I was recently in touch with a mom who works regularly in the school store at her kids’ high school. The store sells some of the worst junk foods — Funyuns, candy, sodas, etc. — which she often sees the kids grabbing in large quantities for breakfast or lunch. But one of the ways the school justifies the practice (besides the huge amount of money brought in by junk food sales) is that these kids “would just go off campus and get the same foods anyway.”
I believe that schools should not be in the business of supplying junk foods to kids. Period. And while I don’t dismiss the desperate need of cash-squeezed schools to make up budget shortfalls, doing so at the expense of student health is, in my opinion, morally wrong; there has to be another way. But many schools, especially high schools, do take this position of: ”Hey, if we don’t sell it to them, someone else will.”
That’s why I was especially interested in a study which came out yesterday evaluating the effect of the nutritional requirements imposed by California on its schools’ “competitive food,” i.e., food sold in places like vending machines, school stores and cafeteria snack bars, all in competition with the federal school meal. According to the New York Times Well blog:
The study found that California high school students consumed on average nearly 160 calories fewer per day than students in other states, the equivalent of cutting out a small bag of potato chips. That difference came largely from reduced calorie consumption at school, and there was no evidence that students were compensating for their limited access to junk food at school by eating more at home.
The study, funded by the Robert Wood Johnson Foundation, compared the eating habits of California high schoolers to kids in fourteen other states that had no nutrition standards for competitive food. Again, according to the Well blog, it found that:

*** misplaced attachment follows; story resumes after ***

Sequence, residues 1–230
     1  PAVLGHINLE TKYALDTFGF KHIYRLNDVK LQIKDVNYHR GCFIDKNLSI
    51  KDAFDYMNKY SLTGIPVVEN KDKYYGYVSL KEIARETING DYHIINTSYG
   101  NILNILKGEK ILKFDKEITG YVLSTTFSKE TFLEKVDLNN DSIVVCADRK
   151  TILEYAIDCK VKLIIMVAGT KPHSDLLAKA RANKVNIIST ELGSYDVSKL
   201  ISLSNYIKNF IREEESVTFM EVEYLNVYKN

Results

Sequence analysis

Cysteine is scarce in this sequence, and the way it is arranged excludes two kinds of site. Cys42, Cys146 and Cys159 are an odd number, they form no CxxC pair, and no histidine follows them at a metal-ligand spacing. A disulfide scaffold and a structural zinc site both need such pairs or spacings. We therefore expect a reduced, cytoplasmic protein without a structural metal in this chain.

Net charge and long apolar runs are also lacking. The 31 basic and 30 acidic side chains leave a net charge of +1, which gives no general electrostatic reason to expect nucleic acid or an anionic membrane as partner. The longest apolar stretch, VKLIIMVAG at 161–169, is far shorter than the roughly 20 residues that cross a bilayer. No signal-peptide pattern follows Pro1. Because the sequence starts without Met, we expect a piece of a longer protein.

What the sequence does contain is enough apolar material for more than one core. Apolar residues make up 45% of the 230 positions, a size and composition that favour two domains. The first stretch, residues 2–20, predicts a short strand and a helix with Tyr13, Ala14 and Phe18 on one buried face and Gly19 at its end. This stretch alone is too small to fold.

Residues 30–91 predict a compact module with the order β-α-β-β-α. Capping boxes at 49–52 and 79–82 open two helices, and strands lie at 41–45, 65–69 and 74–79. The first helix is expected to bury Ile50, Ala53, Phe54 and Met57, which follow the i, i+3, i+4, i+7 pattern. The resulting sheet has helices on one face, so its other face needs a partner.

California students had the lowest daily intake of calories, fat and, especially, added sugars. And it seemed clear that their eating behaviors at school played a large role. California students got a lower proportion of their daily calories from school foods than students in other states: about 21.5 percent, compared with 28.4 percent among students elsewhere.
The reductions in fat, sugar and calorie consumption among Hispanic students “are particularly encouraging given the high prevalence of youth obesity among Hispanic individuals in California and the United States over all,” the authors wrote. “It is also encouraging in light of research that documented the high presence of convenience stores, mobile food vendors and other food outlets surrounding schools in Hispanic communities.”
In the end, it just seems like common sense. When my pantry is full of chips and cookies, I tend to eat those foods because they’re readily available. When I keep those foods out of my pantry and would have to expend some extra effort to go get them, I tend to eat fewer of those foods. So why are we making it incredibly easy for kids to eat the very worst junk foods at school?
The good news is, new federal guidelines (to be released for comment later this year) will improve nutritional standards for competitive foods nationwide. While I remain pessimistic about what those rules will look like after industry lobbying (more on that in a future post), at the very least they should put a stop to a school-supplied breakfast of Funyons.
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